'A more dangerous world': US killing triggers global alarm
PARIS (AP) — Global powers warned Friday that the American airstrike responsible for killing Iran’s top general made the world more dangerous and that escalation could set the entire Mideast aflame. Some U.S. allies suggested Iran shared in the blame by provoking the attack.
The deaths of Gen. Qassem Soleimani and associates drew immediate cries for revenge from Tehran and a chorus of appeals from other countries for reduced tensions between Iran and the United States. As U.S. Secretary of State Mike Pompeo called world capitals to defend the attack, diplomats scrambled to chart a way forward.
"A further escalation that sets the whole region on fire needs to be prevented," German Foreign Minister Heiko Maas said. He said he told Pompeo that the strike had not “made it easier to reduce tensions." But Maas also noted that the assault “followed a series of dangerous Iranian provocations.”
The White House justified the killings with a tweet alleging that Soleimani “was actively developing plans to attack American diplomats and service members in Iraq and throughout the region." The 62-year-old led Iran's elite Quds Force, which undertakes the country's foreign campaigns. Iranian state TV reported that 10 people were killed in the airstrike near Baghdad’s airport.
“He should have been taken out many years ago!” U.S. President Donald Trump tweeted.
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Oil prices surged as investors fretted about Mideast stability. Saudi Arabia, Iran’s top rival in the region, urged restraint and called on the international community “to ensure the stability of such a vital region to the entire world.”
Social media flooded with alarm. Twitter users morbidly turned “WWIII” into the top trending term worldwide.
“We are waking up in a more dangerous world. Military escalation is always dangerous,” France's deputy minister for foreign affairs, Amelie de Montchalin, told RTL radio.
Russia characterized the killings as “fraught with serious consequences.” Foreign Ministry spokeswoman Maria Zakharova suggested that Trump ordered the strike with one eye on his re-election campaign.
“The U.S. military were acting on orders of U.S. politicians. Everyone should remember and understand that U.S. politicians have their interests, considering that this year is an election year,” Zakharova said in a TV interview.
His election opponents characterized Trump as reckless. Democratic presidential candidate Joe Biden said the president “tossed a stick of dynamite into a tinderbox."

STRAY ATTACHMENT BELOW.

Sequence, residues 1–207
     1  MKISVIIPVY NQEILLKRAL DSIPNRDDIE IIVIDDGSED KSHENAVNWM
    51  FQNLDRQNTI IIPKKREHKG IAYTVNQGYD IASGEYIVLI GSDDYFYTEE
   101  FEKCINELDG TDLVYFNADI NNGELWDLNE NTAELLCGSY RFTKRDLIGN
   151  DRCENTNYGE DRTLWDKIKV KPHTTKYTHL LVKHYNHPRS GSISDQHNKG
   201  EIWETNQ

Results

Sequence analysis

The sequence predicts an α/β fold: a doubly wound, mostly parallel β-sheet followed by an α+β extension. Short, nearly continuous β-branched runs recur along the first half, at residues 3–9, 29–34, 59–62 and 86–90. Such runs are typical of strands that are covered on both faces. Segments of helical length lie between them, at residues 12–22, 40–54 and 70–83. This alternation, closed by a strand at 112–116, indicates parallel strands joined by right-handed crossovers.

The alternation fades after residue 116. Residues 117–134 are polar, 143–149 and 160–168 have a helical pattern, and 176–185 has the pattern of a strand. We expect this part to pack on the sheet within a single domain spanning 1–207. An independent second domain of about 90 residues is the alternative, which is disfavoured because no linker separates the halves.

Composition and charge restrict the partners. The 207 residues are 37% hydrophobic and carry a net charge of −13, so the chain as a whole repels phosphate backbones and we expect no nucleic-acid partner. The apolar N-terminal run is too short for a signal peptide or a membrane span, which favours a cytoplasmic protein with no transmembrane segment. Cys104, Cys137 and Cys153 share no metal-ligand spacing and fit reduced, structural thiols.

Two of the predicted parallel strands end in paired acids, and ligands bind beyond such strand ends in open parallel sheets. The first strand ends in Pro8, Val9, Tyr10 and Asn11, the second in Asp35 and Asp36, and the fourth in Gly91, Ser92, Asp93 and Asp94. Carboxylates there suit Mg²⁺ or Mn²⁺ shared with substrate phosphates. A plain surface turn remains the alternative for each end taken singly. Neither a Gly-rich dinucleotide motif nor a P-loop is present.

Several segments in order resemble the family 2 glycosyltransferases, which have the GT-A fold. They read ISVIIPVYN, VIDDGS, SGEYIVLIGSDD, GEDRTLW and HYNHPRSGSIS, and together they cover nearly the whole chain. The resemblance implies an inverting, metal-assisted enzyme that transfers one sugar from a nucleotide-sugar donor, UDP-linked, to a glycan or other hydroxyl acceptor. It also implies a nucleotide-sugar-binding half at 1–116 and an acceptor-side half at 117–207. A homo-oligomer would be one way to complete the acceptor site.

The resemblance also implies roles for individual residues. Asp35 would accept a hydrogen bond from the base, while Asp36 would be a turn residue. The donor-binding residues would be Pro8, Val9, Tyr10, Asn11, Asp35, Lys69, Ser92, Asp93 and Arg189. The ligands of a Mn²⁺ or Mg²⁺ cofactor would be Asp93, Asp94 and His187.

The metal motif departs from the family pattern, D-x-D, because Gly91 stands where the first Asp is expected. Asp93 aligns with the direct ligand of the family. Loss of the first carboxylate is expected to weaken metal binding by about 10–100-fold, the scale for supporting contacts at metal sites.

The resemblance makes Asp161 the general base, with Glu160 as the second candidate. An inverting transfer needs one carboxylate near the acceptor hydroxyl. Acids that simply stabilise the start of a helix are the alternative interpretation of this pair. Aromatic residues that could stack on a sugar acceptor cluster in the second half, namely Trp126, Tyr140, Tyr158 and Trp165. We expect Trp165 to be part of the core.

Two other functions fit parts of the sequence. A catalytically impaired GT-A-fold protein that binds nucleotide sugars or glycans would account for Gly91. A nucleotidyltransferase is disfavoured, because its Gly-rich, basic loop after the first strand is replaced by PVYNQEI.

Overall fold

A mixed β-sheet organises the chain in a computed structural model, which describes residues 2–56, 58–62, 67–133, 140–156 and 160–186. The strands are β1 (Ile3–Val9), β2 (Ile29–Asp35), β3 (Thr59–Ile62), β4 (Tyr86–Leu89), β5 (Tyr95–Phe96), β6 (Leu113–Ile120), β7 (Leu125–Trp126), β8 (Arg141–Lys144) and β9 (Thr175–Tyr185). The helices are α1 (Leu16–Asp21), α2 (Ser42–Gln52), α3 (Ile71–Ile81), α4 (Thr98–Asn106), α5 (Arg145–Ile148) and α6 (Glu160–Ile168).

China described itself as “highly concerned" and urged all parties "especially the United States, to maintain calm and restraint and avoid further escalation of tensions.”
U.S. allies Britain, Germany and Canada suggested that Iran bore some responsibility for the confrontation.
German government spokeswoman Ulrike Demmer described the strike as “a reaction to a whole series of military provocations." She pointed to attacks on tankers and a Saudi oil facility, among other events.
“We are at a dangerous escalation point," she said.
The British foreign secretary, Dominic Raab, said his government had “always recognized the aggressive threat posed by the Iranian Quds force."
Following Soleimani's death, "we urge all parties to de-escalate," he said. “Further conflict is in none of our interests.”
Canadian Foreign Minister Francois-Philippe Champagne said Soleimani's “aggressive actions have had a destabilizing effect in the region and beyond.”
There were warnings the killing could set back efforts to stamp out remnants of the Islamic State group.
A top European Union official, Charles Michel, said “the risk is a generalized flare-up of violence in the whole region and the rise of obscure forces of terrorism that thrive at times of religious and nationalist tensions.”
Italy also warned that increased tensions “risk being fertile terrain for terrorism and violent extremism.” But right-wing Italian opposition leader Matteo Salvini praised Trump for eliminating "one of the most dangerous and pitiless men in the world, an Islamic terrorist, an enemy of the West, of Israel, of rights and of freedoms.”
Trump also won the support of Israeli Prime Minister Benjamin Netanyahu “for acting swiftly, forcefully and decisively.”
In his calls to explain the strike to world leaders, Pompeo said the U.S. is committed to bringing down tensions that have soared since Iranian-backed militia killed an American contractor and the U.S. responded with strikes on the militia. That set off violent pro-Iran protests outside the U.S. Embassy in Baghdad, which in turn set the stage for the killing of Soleimani.
“Doing nothing in this region shows weakness. It emboldens Iran,” Pompeo said. “We don’t seek war with Iran, but we at the same time are not going to stand by and watch the Iranians escalate.”
In the Mideast, the strike provoked waves of fury and fears of worse to come.
Iraq’s most powerful Shiite religious leader, Grand Ayatollah Ali al-Sistani, said in a speech during Friday prayers that the country must brace for “very difficult times.”
In Iran, a hard-line adviser to the country’s supreme leader who led prayers in Tehran likened U.S. troops in Iraq to “insidious beasts" and said they should be swept from the region.
“I am telling Americans, especially Trump, we will take a revenge that will change their daylight into to a nighttime darkness," said the cleric, Ayatollah Ahmad Khatami.
Gregory Katz in London, Christopher Bodeen in Beijing, Geir Moulson and Frank Jordans in Berlin, Daria Litvinova in Moscow, Amir Vahdat in Tehran, Matthew Lee in Washington, Joseph Krauss in Jerusalem, Rob Gillies in Toronto and Aya Batrawy in Dubai contributed to this report.